The JT did respond … six days after the Guardian story was published. An unnamed spokesperson said the decision to change its style had been reached after “lengthy discussions between the executive editor and certain managers”, and denied that the paper had come under any pressure. “The decision was made in the belief that the change would better reflect a more objective view of what many historians, researchers and journalists agree are extremely difficult issues to summarize,” the spokesperson said. “As for the pressure from outside parties, the answer is no. In the past, we have frequently reported on these contentious issues, and, when appropriate, cited the government’s official stance, but the language we use has always been decided upon independently. The recent style revision was not predicated by any request from the government. 

The mainstream Japanese press greeted the controversy largely by ignoring it. The Asahi Shimbun, which has had its own troubles with comfort women coverage, would have been reluctant – understandably – to intrude on a fellow media organization’s grief over the issue of Japan’s wartime conduct. The Japan News, the English-language edition of the Yomiuri Shimbun, also kept its counsel, having issued a feeble apology over its own past use of “sex slaves” at the height of the orgy of Asahi-bashing in 2014. Only NHK has gone further, insisting that its English-language editors describe them as “those referred to as wartime comfort women.” The Nikkei was similarly sheepish – perhaps with good reason: on the day the JT ran its editor’s note, the Nikkei – Mizuno’s former employer – announced it had given Kambara a gong for “communicating Japan to the world” (日本を伝えるメディア賞) as part of its Woman of the Year awards. The New York Times, with which The Japan Times has had a publishing agreement since 2013, has not publicly commented.

Journalists at the paper describe other more insidious changes that suggest a shift to the right in its political stance, regardless of its management’s claims to the contrary. One senior reporter, known for his sometimes aggressive questioning of Japan’s top spokesman, Suga Yoshihide, was yanked off his beat at the Prime Minister’s Office. Editorials, including one on November 23rd berating the South Korean government for gutting the 2015 “comfort women” agreement, seemed to lean right, away from the paper’s old liberal or at least conciliatory stance. There were notes from the editor nudging staff toward more positive coverage of Abe, and of Japan itself. A journalist described being berated when the word “surrender” appeared in a story about World War 2 (the phrase used for August 15, 1945 in the Japanese media is Shūsen-kinenbi (終戦記念日), or “memorial day for the end of the war.” Columnists, some speaking off the record, have noted that their work is being edited more vigorously than before in an apparent attempt to take some of the sting out of criticism of Japan. (source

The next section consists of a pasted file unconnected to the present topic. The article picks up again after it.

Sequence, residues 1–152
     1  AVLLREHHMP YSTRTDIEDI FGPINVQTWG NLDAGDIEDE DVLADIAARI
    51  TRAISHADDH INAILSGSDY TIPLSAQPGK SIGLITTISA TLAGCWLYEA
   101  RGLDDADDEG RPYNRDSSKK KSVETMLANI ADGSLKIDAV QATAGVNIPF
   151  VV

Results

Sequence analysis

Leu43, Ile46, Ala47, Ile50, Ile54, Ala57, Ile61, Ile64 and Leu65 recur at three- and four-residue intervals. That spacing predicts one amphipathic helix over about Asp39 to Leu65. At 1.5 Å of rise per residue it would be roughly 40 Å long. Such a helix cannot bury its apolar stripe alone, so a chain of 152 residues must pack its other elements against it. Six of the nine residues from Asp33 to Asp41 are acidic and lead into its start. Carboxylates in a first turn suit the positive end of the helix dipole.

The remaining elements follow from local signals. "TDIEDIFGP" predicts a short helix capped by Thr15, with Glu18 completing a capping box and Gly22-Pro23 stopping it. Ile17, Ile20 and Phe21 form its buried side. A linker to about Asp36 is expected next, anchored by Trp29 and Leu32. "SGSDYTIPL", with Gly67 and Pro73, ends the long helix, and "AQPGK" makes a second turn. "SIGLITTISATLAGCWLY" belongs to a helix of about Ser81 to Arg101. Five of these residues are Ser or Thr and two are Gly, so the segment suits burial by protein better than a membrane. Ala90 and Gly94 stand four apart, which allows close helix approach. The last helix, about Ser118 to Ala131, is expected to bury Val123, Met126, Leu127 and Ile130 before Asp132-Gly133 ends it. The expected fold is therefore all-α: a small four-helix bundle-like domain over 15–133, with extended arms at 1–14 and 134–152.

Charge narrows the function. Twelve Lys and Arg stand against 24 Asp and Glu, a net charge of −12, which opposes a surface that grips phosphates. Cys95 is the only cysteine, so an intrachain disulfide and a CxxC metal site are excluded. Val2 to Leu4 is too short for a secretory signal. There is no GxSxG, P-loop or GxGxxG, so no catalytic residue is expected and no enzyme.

According to those present, the newspaper’s management was taken aback by the size of the revolt on December 4th and seemed unusually defensive. One manager claimed the root of the problem was "exaggerated reporting by the foreign media." Mizuno singled out the Financial Times for still using the term “sex slaves” but insisted he was not “rightwing.”

There were explicit denials of direct government interference or of ties to the radical right. Some staffers noted Mizuno’s friendship with Hori Yoshito, the Harvard-educated CEO of Globis Capital Partners and Management School. Hori is also a former director of the Japan Institute for National Fundamentals, the same conservative think-tank Sakurai runs. Both are considered close to Nippon Kaigi, Japan’s most powerful rightwing lobby.

The institute’s demands for revisions to the English language of Japan’s wartime behavior overlap strongly with the November 30 editorial changes. Its website says: “What is wrongly referred to as “requisitioned” and or “compulsorily recruited” laborers (from the Korean Peninsula in the wartime past) should be correctly called “wartime Korean workers.” Comfort women, says one member, were “registered prostitutes under the supervision of the military.” Hori himself wrote on the Institute’s website in 2015 that Japan should stop apologizing for its past.

One journalist at the paper noted that Hori has published an agenda titled “100 Actions: Creating a vision for Japan” under the Globis brand. “Two particular goals on that list pertain to the November 30 editorial note,” said the journalist. One criticized the “poor quality” of Japan’s English-language media, “the gateway through which foreign nationals access information about the country.” It added: “Since the English-language media is expected to play a leading role in disseminating information throughout the world, it is necessary to fundamentally improve its quality to ensure accurate information…so that Japan may be assessed fairly.” A second goal lamented “untruths” about Japan, “repeated over many decades,” on comfort women and territorial issues. “If every Japanese person makes an effort to get accurate information out there, it will be possible to correct misunderstandings among the people of the world.”

Mizuno reportedly denied any links to Hori to his staffers. The Japan Times’ own press release says, however, that Mizuno moved from New York to the Globis Corporation as manager of the Public Relations Department in August 2011. The worlds of Kambara and Hori also appear to overlap. On August 8th 2017, in a post announcing her purchase of The Japan Times, Hori said “Globis supports the reborn Japan Times.” Kambara responded by saying, “Thank you, I will try my best.” Publicity for Globis continues to appear on the Japan Times Online, “suggesting an ongoing financial link” between the two, said the journalist.